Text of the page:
David R. Henderson  

A Small but Significant Step Away from Peronism

PRINT
Balan on the Immigration Bet... The WSJ on the German trade su...

AdobeStock_71000881.jpeg


Jeff Sessions's attack on corruption.

I posted last December about Trump's first picks for his cabinet and stated that one of his worst picks, in what was a surprisingly good domestic lineup, was his Attorney General Jeff Sessions. But when you are serious about policy, you should always give credit where credit is due.

And Jeff Sessions deserves credit. Here's how Walter Olson at Cato-at-Liberty puts it:

In a memo dated June 5, Attorney General Jeff Sessions has ended the practice by which the Department of Justice earmarks legal settlement funds for non-governmental third-party groups that were neither victims nor parties to the lawsuit. This is terrific news and a major step forward in respecting both the constitutional separation of powers and the private rights that litigation is meant to vindicate.

The use of surplus or unclaimed settlement money for causes allegedly similar to those served by the litigation ("cy près," in the legal jargon) is not itself new. In recent years, however, law enforcers at both state and federal levels have developed it as a way to direct funds to a wide variety of causes, from private charities and advocacy groups to legal aid programs, law schools, and an assortment of other causes that legislatures and their appropriations committees have shown no interest in funding.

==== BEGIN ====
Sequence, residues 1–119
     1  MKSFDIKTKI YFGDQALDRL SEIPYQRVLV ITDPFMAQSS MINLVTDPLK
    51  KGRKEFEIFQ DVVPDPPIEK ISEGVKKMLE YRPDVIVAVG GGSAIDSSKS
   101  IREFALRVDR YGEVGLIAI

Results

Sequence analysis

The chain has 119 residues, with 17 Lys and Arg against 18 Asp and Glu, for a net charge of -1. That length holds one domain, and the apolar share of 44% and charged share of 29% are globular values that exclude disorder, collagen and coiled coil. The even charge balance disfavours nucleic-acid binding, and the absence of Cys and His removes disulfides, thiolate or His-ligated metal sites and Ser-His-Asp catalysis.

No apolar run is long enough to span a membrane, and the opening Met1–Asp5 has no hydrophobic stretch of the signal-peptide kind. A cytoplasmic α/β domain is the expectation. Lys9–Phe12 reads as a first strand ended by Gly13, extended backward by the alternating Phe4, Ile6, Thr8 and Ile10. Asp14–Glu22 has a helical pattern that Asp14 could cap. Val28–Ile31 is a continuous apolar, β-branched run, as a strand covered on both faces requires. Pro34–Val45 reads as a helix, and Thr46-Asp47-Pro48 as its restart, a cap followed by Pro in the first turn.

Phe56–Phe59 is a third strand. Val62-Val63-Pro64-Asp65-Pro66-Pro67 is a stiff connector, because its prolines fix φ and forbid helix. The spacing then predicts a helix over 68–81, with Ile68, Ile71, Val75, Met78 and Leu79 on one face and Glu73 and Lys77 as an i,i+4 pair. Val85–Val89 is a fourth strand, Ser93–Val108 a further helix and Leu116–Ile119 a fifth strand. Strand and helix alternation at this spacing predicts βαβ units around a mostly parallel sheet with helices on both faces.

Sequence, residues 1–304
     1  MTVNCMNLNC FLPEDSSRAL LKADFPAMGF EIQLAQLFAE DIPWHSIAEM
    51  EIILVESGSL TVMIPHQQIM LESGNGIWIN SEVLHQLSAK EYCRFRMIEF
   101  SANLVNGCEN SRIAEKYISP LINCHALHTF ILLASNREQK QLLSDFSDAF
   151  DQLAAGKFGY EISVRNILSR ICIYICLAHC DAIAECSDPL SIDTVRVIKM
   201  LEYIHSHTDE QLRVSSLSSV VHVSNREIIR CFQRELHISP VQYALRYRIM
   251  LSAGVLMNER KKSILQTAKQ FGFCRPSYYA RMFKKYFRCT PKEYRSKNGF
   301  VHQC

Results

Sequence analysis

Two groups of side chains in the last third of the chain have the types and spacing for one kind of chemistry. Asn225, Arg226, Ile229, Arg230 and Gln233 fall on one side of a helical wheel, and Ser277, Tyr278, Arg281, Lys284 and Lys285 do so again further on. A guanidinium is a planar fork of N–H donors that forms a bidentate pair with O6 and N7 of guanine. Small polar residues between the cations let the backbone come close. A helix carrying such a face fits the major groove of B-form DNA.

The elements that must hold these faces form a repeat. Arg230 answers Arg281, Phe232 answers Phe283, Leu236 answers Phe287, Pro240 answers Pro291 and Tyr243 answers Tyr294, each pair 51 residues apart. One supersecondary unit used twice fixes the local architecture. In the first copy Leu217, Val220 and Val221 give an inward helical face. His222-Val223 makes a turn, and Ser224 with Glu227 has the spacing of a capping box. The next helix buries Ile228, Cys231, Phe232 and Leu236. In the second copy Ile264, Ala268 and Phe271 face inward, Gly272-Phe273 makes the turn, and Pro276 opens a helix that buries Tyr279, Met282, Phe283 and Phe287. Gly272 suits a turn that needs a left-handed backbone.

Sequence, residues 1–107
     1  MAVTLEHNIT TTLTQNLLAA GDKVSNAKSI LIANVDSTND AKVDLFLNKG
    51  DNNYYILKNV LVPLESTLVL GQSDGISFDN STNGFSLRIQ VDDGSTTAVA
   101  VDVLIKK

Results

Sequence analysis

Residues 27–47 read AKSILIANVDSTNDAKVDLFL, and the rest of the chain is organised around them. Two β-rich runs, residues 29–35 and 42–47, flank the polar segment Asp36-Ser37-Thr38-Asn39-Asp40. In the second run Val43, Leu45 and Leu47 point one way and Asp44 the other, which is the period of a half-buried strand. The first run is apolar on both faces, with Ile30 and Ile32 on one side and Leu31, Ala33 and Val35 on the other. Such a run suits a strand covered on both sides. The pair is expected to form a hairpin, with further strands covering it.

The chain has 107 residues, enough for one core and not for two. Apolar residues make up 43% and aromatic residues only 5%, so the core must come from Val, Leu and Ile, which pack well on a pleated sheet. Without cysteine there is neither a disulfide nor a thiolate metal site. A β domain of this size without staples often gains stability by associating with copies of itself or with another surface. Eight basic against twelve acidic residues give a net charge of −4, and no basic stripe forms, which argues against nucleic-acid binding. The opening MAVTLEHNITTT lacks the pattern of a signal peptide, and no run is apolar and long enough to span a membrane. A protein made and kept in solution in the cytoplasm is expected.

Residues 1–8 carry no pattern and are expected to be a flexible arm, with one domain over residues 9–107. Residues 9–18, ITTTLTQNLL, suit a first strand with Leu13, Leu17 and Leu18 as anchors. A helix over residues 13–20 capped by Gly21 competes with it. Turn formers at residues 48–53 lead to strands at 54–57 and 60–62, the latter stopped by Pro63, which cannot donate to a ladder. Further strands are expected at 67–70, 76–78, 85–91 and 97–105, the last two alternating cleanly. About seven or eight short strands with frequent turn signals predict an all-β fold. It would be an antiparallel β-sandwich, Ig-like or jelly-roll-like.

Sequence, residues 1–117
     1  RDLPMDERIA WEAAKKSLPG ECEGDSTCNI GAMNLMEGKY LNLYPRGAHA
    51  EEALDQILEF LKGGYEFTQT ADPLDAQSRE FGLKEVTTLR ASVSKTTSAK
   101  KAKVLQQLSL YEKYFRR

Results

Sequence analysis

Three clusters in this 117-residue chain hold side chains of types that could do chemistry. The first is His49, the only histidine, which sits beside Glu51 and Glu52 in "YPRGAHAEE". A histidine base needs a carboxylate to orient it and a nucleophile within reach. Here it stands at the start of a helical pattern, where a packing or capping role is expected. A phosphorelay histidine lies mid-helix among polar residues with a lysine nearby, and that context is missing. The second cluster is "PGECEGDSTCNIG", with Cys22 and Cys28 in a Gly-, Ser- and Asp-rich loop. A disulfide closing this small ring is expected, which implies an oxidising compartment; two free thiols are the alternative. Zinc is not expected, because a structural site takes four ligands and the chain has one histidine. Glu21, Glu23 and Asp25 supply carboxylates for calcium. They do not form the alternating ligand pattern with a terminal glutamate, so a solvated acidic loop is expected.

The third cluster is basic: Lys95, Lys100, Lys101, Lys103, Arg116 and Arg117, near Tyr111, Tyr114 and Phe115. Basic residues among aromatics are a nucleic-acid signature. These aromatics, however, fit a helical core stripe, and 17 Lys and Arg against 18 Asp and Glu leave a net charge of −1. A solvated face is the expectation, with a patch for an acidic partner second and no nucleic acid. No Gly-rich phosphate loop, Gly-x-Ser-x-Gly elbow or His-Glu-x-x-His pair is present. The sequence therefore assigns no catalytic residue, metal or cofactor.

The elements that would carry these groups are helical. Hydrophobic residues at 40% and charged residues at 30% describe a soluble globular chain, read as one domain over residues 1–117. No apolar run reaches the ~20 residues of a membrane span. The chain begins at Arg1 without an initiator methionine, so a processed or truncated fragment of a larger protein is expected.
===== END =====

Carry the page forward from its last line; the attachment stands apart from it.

Wally titles his post "Freeze That Slush: DoJ Cuts Off Flow of Settlement Cash To Private Groups." The word "slush" is an understatement. Obama didn't start this practice but he certainly extended and perfected it, doing his best to imitate Juan and Eva Peron.


Comments and Sharing


CATEGORIES: Public Choice Theory




COMMENTS (3 to date)
Rich Berger writes:

You don't always get what you want, but sometimes you get what you need.

AlanG writes:

I'll sit up and listen as soon as the government stops illegally seizing all the money that Fannie Mae and Freddy Mac are earning above the bailout amount. Maybe this isn't Peronism but it's certainly illegal.

LD Bottorff writes:

This was mentioned on the Editorial page of the WSJ, but nowhere in the major news outlets. This type of selective outrage about political corruption is part of the reason so many of us are skeptical about the mainstream media.

Comments for this entry have been closed
Return to top